India has proposed a set of steps, including 'climate proofing' of public infrastructure investments, food security and water resources that the developing countries can adopt to combat climate change.
"Governments can start working on key vulnerabilities like 'climate proofing' of public infrastructure investments, food security, water resources and pursue policies to incentivise private actions toward energy efficiencies," Finance Minister P Chidambaram said at a breakfast meeting on 'Taking the Bali Process Forward', organised as a part of the Spring Meetings of the World Bank in Washington.
Highlighting the steps undertaken by the government, Chidambaram said: "India's Green House Gas (GHG) emissions are among the lowest in per capita terms. They will, of course, inevitably increase as we endeavor to remove poverty and provide basic needs to all the people."
"Our prime minister had categorically declared that even while pursuing development goals, India's per capita GHG emissions will always remain below the per capita GHG emissions of developed countries," he said.
He said India has unilaterally taken significant steps to meet the challenges including "measures to promote clean technology, review the fuel emission and efficiency regulations, mass transport systems, encourage the use of gas and building sustainable Greenfield cities."
"A quick analysis showed that our government has spent 2.6 per cent of GDP during 2006-07 on adaptation-related activities. We propose to bring out our National Action Programme on Climate Change shortly," he said.
"We are also going to establish a permanent institutional mechanism to play a coordination role to explore and implement ideas on climate change and to take on the important responsibility of advocacy", Chidambaram said.
He also underlined the need for "fair burden sharing" and efforts to build "trust between developed and developing countries" for an effective global action on climate change.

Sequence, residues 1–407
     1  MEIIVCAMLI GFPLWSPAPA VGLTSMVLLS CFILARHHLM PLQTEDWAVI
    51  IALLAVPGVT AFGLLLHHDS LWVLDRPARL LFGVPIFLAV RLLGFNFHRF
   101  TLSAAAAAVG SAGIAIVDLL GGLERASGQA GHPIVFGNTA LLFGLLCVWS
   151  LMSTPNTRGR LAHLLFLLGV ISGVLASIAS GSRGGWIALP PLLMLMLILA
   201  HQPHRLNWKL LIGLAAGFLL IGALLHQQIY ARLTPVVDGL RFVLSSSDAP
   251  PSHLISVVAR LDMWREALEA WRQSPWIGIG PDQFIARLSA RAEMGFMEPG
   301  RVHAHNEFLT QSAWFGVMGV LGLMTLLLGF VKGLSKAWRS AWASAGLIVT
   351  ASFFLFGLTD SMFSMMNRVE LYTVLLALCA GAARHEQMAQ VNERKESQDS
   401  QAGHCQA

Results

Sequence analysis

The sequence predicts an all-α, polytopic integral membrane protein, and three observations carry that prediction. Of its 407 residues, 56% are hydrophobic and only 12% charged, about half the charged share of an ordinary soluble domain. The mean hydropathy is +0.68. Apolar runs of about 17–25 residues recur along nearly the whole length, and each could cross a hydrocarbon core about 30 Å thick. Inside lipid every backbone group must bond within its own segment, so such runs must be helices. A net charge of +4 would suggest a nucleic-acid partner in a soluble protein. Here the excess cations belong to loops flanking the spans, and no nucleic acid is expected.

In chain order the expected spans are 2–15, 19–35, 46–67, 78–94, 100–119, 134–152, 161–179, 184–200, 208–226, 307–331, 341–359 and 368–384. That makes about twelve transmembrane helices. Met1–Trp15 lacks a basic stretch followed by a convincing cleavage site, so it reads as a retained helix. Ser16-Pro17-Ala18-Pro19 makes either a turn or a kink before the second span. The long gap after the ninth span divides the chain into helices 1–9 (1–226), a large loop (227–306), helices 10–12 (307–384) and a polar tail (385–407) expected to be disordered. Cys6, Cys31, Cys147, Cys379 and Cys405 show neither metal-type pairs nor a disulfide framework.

"Global action on climate change will require building trust between developed and developing countries. There must be trust about the neutrality of processes or institutions through which agreements are implemented, money is disbursed or disputes are resolved," the minister said.
"The solutions should include fair burden sharing and measures to realise sustainable patterns of consumption and production. The UN Framework Convention on Climate Change should be the only basis for a global compact, anchored as it is in the well-established principle of equity and common but differentiated responsibility" he said.
The finance minister said that no discussion on climate change can be taken forward without underscoring the deep inequity in the causes and impacts of climate change.
"The developed world has caused the problem with many decades of unsustainable development process. But it is the poorer countries that will be worst affected," Chidambaram said.
Chidambaram stressed that the global community had "a shared responsibility to think through the complex challenges of climate change and come up with fair, equitable and imaginative solutions".
"Given their responsibility for causing the problem, the developed world has two clear obligations: to massively reduce their GHG emissions, and to provide new and additional financial and technological help to the developing countries to manage mitigation as well as adaptation efforts," he said.